We order drinks and ice creams - they have the ones that come in carved out fruits, so I have a coconut one and Jenny has a lemon thing. We float out to sea, and then sit in the swimming pool for a while on the ledge, reading strategically held books. In the end they mess up our bar tab (perhaps deliberately) and claim 2 ice creams and about 7 drinks cost less than our total but they will keep the rest as a tip. This is absolutely fine since we never thought we would get change. And we like this place since they haven't made up their exchange rate like Paradise did (they said $10 or 110 Pesos, while everyone else works on 1:10).
We head back to catch the 5pm ferry but it departs as we are queuing up to board. Luckily there is another one right behind it (despite the advertised one per hour) so we get that and are home soonish.
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You can go to Cozumel for the day and not pay to enter a beach club, but everyone recommended that we take this approach since the public beaches have no facilities and are smaller than these private ones.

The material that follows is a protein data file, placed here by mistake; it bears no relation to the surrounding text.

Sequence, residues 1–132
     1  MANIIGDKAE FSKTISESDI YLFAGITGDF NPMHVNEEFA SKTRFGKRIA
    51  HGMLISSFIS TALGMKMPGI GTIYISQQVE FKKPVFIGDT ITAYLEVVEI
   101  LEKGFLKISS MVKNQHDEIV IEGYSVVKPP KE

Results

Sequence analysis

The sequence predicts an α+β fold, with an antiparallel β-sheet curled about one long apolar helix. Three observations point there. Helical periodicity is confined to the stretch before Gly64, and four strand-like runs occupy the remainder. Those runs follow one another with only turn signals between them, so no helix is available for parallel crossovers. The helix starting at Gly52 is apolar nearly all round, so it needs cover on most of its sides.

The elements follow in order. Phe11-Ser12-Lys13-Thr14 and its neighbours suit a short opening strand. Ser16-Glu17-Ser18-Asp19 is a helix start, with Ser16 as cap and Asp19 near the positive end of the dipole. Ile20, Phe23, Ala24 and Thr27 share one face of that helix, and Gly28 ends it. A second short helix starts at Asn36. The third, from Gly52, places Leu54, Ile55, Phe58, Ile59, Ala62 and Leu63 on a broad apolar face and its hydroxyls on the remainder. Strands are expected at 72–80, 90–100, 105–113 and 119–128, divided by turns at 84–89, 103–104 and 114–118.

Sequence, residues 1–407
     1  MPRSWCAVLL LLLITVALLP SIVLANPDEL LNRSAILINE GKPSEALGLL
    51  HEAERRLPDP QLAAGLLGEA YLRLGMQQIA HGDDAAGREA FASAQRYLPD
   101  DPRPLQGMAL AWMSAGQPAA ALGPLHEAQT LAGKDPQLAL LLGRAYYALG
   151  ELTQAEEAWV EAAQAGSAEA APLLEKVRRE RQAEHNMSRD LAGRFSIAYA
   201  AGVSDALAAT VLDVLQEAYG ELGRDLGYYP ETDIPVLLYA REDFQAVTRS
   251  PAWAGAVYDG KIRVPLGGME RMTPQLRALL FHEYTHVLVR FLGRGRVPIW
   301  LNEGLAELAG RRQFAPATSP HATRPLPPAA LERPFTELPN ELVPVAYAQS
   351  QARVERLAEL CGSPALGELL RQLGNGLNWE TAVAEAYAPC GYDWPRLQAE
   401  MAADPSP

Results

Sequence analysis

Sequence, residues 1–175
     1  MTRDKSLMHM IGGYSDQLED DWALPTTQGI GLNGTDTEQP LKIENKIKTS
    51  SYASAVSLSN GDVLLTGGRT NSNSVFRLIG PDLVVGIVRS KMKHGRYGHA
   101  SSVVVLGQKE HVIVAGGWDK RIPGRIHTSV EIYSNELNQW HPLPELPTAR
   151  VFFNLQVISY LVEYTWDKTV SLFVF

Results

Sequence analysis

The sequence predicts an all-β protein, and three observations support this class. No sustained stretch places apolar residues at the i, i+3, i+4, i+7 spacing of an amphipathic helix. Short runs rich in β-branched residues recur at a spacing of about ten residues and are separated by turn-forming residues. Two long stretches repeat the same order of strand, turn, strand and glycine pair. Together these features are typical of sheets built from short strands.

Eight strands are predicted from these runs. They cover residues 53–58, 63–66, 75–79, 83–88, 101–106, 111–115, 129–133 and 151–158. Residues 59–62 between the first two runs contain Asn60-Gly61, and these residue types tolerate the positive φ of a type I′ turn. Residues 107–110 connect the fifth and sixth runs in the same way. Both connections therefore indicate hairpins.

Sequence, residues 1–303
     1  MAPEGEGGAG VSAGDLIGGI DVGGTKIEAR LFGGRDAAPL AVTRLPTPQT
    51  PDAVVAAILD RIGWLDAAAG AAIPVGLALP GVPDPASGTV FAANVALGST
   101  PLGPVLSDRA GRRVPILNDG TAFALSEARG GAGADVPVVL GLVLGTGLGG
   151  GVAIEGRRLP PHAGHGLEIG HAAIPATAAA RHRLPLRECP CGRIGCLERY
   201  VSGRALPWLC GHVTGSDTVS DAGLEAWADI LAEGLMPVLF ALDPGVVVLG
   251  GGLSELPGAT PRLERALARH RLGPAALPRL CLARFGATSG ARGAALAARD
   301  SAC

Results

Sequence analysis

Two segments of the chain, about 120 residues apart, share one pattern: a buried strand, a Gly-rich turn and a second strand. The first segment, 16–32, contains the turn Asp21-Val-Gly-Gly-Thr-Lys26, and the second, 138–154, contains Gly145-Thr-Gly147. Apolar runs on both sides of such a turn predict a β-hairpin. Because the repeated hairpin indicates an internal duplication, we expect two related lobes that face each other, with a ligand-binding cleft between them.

Two companies currently run ferries from Playa to Cozumel and you can buy singles or returns. However, they alternate their hours (i.e. one goes at 4pm, the other goes at 5pm) so it is wiser to buy singles since you may not know what time you want to leave, and could end up waiting 1hr 55mins for a certain company if you've just missed their ferry. Tickets cost 120 pesos each way, or 240 pesos return, and therefore the only slight advantage of buying a return is that you don't have to queue up twice to buy your ticket. However I'd rather do that than risk waiting almost 2 hours.
On board the ferries you can watch adverts for various companies in Playa and Cozumel. They also sell snacks and drinks on board.
Ferry schedule: http://www.cozumel.net/1maps/ferry.htm
Uvas Beach Club: http://www.playauvas.com/
Paradise Beach: http://www.paradise-beach-cozumel.com/